Theatre for Young Audiences, Fables/Folktales, Experimental
Time Period - 1960s
Settings Of Play - The yard of a suburban house.
FEATURES / CONTAINS
Scene work, Competition or audition material
Bare Stage/Simple Set
Contemporary Costumes / Street Clothes, Period Costumes
No Special Cautions
Appropriate for all audiences, Adult, Children (Age 6 - 10), Pre-Teen (Age 11 - 13), Teen (Age 14 - 18)
Jr High/Primary, High School/Secondary, College Theatre / Student, Community Theatre, Professional Theatre, Reader's Theatre, Shoestring Budget, Blackbox / Second Stage /Fringe Groups
RECOGNITION / AWARDS
In this provocative, sometimes chilling comedy, Wilder renders a
child's-eye view of the grown-up world, as a father, a mother and their
three children play a revealing game of make-believe in which the
children pretend to be orphans. Startling truths emerge on both sides,
as pretense challenges the family to discard the traditional roles of
parent, spouse, child, and sibling--blurring the lines between
perception and reality, artifice and innocence.
"Admirers of Thornton Wilder's virtuouso short plays will be glad to hear he has returned to the form in which he excels. " -Irving Wardle, London Times, March 16, 1973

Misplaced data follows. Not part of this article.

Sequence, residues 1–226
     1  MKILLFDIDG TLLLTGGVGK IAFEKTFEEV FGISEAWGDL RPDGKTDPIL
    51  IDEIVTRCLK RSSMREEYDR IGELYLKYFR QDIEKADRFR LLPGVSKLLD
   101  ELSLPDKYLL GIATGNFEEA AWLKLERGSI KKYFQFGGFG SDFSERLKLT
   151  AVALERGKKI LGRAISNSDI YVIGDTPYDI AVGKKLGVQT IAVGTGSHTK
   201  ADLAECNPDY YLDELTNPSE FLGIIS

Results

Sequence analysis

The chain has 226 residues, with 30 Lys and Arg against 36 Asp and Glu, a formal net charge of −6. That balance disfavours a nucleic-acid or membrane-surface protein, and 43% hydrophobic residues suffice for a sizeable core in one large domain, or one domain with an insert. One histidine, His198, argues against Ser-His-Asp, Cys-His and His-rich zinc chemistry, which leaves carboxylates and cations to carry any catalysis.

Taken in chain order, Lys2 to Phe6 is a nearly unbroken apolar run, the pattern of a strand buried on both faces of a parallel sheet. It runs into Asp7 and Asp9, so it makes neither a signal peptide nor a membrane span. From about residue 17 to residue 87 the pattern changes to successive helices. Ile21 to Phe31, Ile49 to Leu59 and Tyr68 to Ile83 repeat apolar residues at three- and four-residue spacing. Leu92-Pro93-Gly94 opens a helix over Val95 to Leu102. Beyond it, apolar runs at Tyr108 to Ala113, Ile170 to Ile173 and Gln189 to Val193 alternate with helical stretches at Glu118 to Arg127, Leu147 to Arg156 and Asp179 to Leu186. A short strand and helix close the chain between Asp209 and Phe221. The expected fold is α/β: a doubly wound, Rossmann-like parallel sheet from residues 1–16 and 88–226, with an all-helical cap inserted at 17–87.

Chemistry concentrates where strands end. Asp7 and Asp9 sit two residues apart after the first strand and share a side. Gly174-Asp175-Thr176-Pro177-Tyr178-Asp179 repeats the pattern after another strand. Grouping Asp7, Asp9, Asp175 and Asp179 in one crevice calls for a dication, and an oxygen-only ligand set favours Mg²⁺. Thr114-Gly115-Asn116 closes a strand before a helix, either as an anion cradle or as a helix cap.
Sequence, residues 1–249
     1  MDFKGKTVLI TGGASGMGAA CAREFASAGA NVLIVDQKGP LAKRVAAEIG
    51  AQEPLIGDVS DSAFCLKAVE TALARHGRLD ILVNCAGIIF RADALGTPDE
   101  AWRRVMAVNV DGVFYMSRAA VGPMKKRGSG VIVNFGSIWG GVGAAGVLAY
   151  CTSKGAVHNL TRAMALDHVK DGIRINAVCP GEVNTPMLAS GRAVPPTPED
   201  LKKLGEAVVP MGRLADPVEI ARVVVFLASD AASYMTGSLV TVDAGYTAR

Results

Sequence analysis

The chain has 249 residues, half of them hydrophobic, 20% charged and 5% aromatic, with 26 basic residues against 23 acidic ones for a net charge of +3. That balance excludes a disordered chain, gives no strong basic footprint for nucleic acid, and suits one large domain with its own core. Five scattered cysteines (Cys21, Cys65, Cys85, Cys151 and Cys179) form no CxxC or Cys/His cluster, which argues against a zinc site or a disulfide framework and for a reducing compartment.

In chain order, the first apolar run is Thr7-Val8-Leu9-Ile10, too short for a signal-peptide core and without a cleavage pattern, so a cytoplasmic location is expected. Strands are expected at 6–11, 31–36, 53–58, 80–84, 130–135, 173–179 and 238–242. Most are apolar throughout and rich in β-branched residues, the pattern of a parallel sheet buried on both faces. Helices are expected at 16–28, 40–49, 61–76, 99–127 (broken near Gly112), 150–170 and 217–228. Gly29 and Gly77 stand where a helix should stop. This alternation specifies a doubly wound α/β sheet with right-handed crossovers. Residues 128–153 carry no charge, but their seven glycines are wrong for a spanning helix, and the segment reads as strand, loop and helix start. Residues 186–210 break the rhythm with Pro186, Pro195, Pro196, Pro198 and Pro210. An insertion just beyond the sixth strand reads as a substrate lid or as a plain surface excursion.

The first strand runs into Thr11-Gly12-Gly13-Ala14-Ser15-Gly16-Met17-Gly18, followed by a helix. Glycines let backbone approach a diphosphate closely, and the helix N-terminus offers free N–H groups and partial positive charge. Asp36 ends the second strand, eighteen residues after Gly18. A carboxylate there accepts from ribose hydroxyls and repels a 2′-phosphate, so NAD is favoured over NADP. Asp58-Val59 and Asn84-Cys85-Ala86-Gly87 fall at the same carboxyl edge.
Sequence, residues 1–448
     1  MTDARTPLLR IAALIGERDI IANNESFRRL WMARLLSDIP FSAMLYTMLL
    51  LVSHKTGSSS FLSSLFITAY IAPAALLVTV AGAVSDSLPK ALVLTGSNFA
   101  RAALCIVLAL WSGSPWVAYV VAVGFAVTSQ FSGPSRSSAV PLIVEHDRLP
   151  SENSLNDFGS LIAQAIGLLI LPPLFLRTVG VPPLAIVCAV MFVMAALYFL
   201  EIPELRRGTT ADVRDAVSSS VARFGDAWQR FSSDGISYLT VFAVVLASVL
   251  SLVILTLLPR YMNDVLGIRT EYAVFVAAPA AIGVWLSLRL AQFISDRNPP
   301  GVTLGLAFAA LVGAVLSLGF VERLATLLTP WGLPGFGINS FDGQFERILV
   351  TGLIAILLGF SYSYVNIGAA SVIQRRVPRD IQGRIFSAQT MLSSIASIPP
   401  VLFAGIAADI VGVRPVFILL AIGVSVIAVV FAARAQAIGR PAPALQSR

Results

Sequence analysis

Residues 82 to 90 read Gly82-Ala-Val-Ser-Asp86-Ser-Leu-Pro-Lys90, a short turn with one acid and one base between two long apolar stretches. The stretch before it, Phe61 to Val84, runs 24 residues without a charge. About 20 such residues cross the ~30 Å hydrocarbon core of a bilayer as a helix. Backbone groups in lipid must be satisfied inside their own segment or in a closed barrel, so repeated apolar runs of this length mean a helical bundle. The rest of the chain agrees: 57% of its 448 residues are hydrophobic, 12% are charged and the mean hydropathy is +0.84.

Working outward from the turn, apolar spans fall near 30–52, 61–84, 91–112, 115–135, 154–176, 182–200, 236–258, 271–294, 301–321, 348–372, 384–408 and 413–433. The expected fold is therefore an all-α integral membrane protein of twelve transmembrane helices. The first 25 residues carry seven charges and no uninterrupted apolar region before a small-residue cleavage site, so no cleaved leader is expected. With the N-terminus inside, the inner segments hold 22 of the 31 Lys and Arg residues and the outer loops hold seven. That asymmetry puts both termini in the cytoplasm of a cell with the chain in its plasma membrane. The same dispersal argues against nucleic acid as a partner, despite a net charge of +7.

"We often hear the phrase, 'a winning child.' Winning children (who appear so guileless) are children who have discovered how effective charm and modesty and a delicately calculated spontaneity are in winning what they want." -Thornton Wilder in The Paris Review Interviews, 1957
"I've been writing two plays (Ira and Childhood) that have dream sequences, and have become very attentive to what takes place in dreaming...In Childhood I use something I none too clearly remember from The Interpretation of Dreams (and by the light of that book, observed in my own dreaming): that an important person in one's dream, whom one's censor does not wish to identify or acknowledge, appears veiled or masked, or seen from the back only. So my children's father and mother." -Thornton Wilder, Journal, March 24, 1960
Childhood was first produced at the Circle in the Square Theater in New York January 10, 1962, as one of three plays grouped as "Plays for Bleecker Street. It was televised by the CBC in 1966 and 1969, and by an educational television channel in 1966 and 1970.